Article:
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3 Questions for Special Education Teachers to Ask Themselves This Summer

It’s the middle of summer, and that means it’s a great time for teachers to relax and recharge a bit before the next school yearAt the same time, however, it is also an important opportunity for us to do a few minutes of self-reflection on the past year in the hopes of making the upcoming school year the best one yet.

It’s so easy to make it to the finish line of school and then totally turn your teacher brain off; but, taking just 10-15 minutes to reflect on the prior year before beginning a new one can pay huge dividends in the future success of your classroom.

During the school year, we often get bogged down in solving problems as they arise, and it can be difficult to think through larger visions and themes in our rooms. However, summer offers us an amazing chance to reflect on the big picture, think about what we want our classrooms to look like, and decide which changes we need to make to get our students to that place.

Here are some guiding questions you can use to help get you started. I would encourage you to take 10-15 minutes in a quiet place to think through these — jotting down your answers if you can!

1. What is my vision for my students?

Think about your overall vision for your students and let it drive everything you do. What is it that you MOST want for your students to be able to accomplish when they leave your classroom? What about in 5 years? What about 15?

A clear vision is a powerful motivator you can come back to when things get tough during the year. Do you imagine your students having the ability to communicate their thoughts and feelings with those around them? Do you picture students who are able to self-regulate their emotions and safely navigate all things life throws at them? Do you see future employees, doing meaningful work with coworkers that love and support them?

Cast a BIG vision into the future, then work backwards and think about the small steps that need to happen this year in your classroom to help that vision become a reality. Then, when you are setting mini-goals for your room, you can make sure they align with this vision. Having a strong vision and communicating it clearly to parents, administrators, and classroom staff is also a great way to build buy-in and begin the year on a positive and empowering note!

2. What do I want to learn, and what is my plan for learning it?

This question isn’t about your students, but rather about YOU. As teachers, we always need to be growing and learning. And as special education teachers, our scope is so wide, there will always be things we aren’t experts in (yet!).

Think about a topic you want to learn more about (ideally, this will be related to a need in your classroom you want to better serve). It could be anything from AAC usage to math instruction to teaching social and emotional skills. Pick an area you feel particularly weak in and start looking into the trainings and resources available to help you learn. There is so much online and a lot of it is free, so you can start diving in this summer if you have time.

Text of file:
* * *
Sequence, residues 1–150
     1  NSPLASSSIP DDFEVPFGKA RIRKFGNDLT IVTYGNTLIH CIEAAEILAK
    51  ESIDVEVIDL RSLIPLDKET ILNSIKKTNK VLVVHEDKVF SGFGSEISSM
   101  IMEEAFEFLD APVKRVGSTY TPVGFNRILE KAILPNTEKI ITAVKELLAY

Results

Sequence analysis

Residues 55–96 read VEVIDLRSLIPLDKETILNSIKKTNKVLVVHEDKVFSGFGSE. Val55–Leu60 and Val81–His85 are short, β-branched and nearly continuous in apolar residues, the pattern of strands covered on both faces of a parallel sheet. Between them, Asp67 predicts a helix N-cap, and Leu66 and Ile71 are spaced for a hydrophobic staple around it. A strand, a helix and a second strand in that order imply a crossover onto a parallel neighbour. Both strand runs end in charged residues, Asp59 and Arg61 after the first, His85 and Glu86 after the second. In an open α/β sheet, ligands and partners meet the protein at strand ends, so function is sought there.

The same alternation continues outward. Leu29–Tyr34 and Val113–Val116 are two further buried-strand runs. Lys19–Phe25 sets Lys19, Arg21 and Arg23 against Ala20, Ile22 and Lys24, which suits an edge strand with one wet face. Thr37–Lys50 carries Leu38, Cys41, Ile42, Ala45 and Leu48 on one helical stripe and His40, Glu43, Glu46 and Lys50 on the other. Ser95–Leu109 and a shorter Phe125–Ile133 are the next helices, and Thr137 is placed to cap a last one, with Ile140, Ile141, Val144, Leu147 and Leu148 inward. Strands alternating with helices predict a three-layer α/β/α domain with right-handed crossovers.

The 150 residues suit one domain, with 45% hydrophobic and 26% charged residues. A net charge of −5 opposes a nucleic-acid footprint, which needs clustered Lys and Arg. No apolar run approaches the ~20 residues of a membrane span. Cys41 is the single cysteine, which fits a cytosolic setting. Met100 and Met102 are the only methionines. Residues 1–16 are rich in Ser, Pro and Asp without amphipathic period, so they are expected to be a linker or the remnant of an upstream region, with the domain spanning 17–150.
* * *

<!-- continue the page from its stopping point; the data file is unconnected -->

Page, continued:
My favorite places to start looking are within the CEC website itself or in IRIS Modules from Vanderbilt’s website. And if you end up finding an amazing school-year training, go ahead and send an email to your admin asking for their support with financial assistance or time off for professional development.

3. What is one thing I want to start doing, and one thing I want to stop doing?

It can be overwhelming to think of a classroom improvement plan from scratch, so use your special education teacher knowledge to break it down into small steps! I’ve found that picking ONE thing to start and stop at a time greatly increases my chances of implementing it and following through. I can then revisit the question or idea every quarter or semester so that by the end of the year, I’ve been able to drive lots of meaningful change in my room.

Maybe you want to start a morning meeting, an inclusive lunch bunch, or a set paraprofessional team meeting on a weekly basis. This can be ANYTHING – the key here is to pick something and just start!

Although it can be more difficult, I also think it’s equally important to identify one thing to stop doing. What is one thing that isn’t working super well in your classroom or is not helping your students gain independence? Pick a specific classroom routine, time of day, or practice to abandon and try something new.

Using a “stop one, start one” mentality is a wonderful way to focus in on classroom goals and make necessary changes without interrupting the flow of teaching or piling on to all the other items on your to-do list.

So, there you have it – three questions I would encourage you to stop and think about for the upcoming school year. Share your answers to one or all of the questions in the comments below and let’s encourage each other as we prepare for a new school year full of growth and learning for ALL students!  

Posted:  17 July, 2019
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Author: Kelsey Smith

Kelsey Smith is a special education teacher for elementary students on a modified curriculum in Nashville, Tennessee. Prior to her current teaching job, she spent one year teaching in an inclusive...

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